"Zen and the Art of Motorcycle Maintenance" is not about motorcycles, or about motorcycle maintenance, or about a road trip between a father and son -- though all three of those are described circumstantially.   It is an exploration of the metaphysics of Quality, where ever it can be found, whether in in experiences, endeavors, or relationships.

From Wikipedia:

"In an example of the classical approach, the narrator explains that one must pay continual attention: when the narrator and his friends came into Miles City, Montana[4] he notices that the "engine idle is loping a little", a possible indication that the fuel/air mixture is too rich. The next day he is thinking of this as he is going through his ritual to adjust the valves on his cycle's engine. During the adjustment, he notes that both spark plugs are black, confirming a rich mixture. He recognizes that the higher elevation is causing the engine to run rich. The narrator rectifies this by installing new jets.... and the engine runs well again."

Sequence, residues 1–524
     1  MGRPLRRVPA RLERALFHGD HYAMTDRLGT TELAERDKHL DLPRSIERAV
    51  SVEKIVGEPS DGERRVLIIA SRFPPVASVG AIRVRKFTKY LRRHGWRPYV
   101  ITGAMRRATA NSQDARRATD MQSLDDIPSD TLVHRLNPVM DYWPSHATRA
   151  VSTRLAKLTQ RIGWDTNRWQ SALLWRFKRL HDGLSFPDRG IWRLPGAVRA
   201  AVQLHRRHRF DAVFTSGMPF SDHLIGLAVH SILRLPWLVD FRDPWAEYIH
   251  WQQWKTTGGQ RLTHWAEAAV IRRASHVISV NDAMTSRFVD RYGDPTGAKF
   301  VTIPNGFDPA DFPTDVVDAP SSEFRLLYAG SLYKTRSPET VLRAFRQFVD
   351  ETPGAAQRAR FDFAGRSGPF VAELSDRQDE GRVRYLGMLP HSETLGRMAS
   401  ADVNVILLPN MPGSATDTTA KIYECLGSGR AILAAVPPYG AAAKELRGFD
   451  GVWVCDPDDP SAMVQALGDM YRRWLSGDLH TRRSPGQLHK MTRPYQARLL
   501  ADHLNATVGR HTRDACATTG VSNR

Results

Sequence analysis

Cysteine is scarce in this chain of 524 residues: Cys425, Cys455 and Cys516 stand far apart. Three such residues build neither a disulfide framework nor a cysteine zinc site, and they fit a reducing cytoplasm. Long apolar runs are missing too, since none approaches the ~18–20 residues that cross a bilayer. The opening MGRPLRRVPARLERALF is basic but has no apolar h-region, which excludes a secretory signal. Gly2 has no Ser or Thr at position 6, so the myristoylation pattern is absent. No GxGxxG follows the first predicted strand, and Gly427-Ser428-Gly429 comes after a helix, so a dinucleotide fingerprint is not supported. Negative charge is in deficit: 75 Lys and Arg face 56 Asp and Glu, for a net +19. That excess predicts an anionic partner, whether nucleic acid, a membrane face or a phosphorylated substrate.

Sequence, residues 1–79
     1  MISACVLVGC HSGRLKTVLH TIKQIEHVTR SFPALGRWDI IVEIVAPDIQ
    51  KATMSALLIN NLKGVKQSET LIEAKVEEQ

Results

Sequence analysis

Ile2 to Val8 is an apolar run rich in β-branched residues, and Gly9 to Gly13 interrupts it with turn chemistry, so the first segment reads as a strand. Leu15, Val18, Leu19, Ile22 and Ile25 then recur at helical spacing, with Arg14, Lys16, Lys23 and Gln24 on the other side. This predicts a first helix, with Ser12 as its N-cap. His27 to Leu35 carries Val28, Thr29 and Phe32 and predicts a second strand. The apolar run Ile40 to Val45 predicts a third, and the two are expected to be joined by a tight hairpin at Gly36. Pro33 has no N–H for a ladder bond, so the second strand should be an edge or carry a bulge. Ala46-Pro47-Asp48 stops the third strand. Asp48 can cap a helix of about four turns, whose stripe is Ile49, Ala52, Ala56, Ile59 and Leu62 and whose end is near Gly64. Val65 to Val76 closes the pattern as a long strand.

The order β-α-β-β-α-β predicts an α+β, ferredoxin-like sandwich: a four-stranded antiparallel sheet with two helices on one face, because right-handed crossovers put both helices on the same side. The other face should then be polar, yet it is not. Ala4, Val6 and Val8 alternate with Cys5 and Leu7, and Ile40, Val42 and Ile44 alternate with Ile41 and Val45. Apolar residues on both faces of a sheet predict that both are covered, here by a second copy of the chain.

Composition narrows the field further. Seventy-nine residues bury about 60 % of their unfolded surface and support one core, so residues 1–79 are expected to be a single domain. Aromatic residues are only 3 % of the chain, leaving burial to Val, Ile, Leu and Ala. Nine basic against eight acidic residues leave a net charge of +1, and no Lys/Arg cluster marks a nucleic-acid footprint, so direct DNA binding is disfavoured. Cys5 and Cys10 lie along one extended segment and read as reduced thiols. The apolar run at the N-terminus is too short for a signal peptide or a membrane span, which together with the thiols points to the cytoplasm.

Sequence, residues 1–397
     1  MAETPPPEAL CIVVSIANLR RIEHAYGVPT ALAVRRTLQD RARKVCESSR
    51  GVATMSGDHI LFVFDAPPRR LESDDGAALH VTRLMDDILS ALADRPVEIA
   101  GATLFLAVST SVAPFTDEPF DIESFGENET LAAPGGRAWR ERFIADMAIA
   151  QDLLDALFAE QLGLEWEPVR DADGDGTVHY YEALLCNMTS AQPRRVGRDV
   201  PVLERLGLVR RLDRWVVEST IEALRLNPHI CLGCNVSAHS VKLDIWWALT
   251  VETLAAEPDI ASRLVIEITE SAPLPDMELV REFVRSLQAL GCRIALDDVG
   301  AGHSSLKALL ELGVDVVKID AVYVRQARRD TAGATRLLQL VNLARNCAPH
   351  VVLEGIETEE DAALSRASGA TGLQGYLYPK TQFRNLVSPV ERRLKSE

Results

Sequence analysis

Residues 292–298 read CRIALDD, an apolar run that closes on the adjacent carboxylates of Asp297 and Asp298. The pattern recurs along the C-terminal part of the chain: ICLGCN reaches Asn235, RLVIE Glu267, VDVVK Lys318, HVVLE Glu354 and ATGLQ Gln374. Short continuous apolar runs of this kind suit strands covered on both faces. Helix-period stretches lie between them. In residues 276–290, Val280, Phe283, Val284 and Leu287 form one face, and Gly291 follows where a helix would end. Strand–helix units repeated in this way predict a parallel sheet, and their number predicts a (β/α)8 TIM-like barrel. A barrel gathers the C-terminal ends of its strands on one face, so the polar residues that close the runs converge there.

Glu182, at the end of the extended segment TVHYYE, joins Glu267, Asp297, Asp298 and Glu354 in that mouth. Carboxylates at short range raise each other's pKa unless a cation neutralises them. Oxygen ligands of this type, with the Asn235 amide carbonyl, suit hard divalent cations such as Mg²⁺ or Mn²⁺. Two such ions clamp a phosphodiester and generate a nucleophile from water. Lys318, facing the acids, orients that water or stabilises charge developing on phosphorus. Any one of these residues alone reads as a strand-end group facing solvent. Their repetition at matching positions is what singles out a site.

"With this, the book details two types of personalities: those who are interested mostly in gestalts (romantic viewpoints focused on being "in the moment", and not on rational analysis), and those who seek to know details, understand inner workings.... (classic viewpoints with application of rational analysis, vis-a-vis motorcycle maintenance)."